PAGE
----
I would've gone with using our default AP rules, then decide if you want/need further AP rules after a time.
This blog will help with some understanding of the feature: Access Protection - How To...
In reply to your immediate need, you have enabled rules we do not enable by default. Rules not enabled by default typically require tuning - possibly a lot of tuning - because there may be literally hundreds of applications in an environment that violate them and we haven't the time or knowledgebase to know what all the legitimate apps are vs. potentially malicious, and also because some processes that you may need to exclude could render the whole rule pointless so we don't exclude them... you might have to.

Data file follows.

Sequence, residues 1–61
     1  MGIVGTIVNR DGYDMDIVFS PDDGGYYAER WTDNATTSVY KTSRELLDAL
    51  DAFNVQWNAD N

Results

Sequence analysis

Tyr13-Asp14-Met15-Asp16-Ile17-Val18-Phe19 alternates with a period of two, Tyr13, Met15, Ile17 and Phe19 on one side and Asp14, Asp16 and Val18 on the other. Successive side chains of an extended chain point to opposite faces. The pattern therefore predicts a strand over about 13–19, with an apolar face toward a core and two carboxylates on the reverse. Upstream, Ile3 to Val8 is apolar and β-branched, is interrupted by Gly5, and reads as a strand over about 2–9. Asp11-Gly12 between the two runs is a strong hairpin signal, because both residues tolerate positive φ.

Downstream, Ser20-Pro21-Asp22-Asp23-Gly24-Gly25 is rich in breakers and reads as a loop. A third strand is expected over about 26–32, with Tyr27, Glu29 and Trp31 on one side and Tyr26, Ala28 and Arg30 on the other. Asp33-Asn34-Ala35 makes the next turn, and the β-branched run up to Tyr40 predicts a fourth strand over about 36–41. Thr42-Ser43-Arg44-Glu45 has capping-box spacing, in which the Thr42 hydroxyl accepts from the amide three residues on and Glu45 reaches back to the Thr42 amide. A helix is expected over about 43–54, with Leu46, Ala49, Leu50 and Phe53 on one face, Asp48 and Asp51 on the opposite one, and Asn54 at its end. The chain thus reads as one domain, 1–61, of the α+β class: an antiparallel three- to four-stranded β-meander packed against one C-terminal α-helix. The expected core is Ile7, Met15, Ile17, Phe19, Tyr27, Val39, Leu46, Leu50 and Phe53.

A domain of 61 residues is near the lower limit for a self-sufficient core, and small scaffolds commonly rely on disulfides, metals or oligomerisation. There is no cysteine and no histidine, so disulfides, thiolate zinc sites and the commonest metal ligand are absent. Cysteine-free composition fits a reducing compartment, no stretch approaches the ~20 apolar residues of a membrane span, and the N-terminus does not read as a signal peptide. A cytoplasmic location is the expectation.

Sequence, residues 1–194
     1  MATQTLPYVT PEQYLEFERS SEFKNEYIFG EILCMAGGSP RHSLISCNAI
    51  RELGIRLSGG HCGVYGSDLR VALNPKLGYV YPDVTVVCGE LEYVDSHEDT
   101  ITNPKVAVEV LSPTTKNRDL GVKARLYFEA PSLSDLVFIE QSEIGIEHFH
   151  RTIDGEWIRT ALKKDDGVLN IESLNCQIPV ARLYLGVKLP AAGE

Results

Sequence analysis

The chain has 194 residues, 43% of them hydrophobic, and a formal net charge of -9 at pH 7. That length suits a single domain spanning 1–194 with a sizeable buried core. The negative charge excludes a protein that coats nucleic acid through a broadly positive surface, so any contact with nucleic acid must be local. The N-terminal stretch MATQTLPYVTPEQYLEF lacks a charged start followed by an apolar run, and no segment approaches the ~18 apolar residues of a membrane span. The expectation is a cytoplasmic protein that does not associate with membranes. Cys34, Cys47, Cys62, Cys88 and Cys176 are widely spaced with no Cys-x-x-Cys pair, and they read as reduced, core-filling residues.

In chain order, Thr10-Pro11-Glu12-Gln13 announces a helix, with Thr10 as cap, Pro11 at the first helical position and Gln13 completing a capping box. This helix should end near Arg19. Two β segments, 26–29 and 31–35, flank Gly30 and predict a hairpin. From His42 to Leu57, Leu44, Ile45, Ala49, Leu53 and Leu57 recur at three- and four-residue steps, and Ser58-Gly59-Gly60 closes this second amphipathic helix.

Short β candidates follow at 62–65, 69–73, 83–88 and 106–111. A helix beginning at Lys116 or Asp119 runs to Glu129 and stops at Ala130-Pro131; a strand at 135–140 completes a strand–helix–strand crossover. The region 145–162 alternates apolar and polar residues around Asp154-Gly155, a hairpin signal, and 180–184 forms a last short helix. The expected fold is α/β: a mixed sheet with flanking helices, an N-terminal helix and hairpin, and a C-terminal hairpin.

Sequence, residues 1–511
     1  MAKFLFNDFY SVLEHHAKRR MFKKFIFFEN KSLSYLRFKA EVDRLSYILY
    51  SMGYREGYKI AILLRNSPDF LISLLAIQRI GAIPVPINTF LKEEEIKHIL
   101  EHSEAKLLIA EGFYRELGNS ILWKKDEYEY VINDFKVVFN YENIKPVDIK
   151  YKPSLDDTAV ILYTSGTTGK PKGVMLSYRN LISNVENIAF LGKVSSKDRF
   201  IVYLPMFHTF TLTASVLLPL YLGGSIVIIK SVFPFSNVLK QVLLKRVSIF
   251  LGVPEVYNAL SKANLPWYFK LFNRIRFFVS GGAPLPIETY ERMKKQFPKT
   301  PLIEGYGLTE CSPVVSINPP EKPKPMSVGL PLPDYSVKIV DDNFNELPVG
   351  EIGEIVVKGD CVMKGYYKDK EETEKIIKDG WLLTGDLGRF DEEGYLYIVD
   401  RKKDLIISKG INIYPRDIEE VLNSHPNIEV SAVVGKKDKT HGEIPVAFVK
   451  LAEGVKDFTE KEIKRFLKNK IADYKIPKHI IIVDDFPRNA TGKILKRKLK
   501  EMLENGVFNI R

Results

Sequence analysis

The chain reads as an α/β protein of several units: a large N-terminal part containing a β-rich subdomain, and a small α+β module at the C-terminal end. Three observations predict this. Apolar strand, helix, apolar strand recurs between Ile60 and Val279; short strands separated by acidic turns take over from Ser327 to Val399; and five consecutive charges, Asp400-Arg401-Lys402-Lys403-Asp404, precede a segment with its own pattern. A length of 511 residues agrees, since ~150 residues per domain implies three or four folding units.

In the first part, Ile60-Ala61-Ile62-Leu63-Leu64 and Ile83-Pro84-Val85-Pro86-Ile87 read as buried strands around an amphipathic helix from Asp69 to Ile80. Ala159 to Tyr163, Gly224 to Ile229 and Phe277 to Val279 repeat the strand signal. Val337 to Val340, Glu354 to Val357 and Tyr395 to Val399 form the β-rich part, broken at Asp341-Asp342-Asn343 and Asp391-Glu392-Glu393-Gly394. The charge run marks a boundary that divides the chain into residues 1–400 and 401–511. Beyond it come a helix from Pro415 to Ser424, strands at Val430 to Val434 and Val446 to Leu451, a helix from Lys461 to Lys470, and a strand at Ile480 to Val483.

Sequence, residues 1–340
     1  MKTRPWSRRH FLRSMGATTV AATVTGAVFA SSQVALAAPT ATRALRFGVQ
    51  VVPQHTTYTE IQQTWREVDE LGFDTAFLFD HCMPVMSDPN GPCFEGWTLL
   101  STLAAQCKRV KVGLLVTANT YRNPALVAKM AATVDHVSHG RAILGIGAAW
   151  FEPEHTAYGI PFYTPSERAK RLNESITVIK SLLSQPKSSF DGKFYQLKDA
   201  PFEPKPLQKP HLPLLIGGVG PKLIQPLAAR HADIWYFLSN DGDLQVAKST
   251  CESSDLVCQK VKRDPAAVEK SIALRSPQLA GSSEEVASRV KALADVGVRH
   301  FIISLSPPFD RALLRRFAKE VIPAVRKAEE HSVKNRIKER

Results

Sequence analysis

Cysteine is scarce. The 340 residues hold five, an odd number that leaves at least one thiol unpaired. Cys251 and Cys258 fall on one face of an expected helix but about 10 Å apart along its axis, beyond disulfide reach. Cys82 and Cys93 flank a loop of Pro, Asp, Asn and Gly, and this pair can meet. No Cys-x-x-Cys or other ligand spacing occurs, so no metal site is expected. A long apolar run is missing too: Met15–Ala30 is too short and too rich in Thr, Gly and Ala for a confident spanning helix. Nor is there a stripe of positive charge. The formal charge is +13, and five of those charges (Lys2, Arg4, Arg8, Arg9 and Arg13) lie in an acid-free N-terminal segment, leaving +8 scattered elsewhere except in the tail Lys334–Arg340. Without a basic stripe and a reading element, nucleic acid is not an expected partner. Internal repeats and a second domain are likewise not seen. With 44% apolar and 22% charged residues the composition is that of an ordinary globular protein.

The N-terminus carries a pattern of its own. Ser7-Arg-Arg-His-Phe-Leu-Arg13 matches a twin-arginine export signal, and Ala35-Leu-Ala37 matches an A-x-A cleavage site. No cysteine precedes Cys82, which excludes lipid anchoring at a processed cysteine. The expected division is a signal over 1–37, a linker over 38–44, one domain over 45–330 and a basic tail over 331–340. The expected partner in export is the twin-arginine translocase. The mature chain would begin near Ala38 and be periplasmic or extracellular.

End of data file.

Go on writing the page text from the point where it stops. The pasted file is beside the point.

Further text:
It's up to you if you want to exclude all those processes reporting back with violations, knowing that if you don't, when you switch the rule to block you could end up breaking those applications (until the rule is disabled, or the affected process gets added as an exclusion to the rule - it would be a very delicate app where Access Protection could actually break it ).
Another long-term option is to make recommendations to the vendor of the app, asking them if it's possible for their app to not do things malware has been known to do. They may give you a few choice words in return, like you're asking the impossible, and sometimes they'll be right.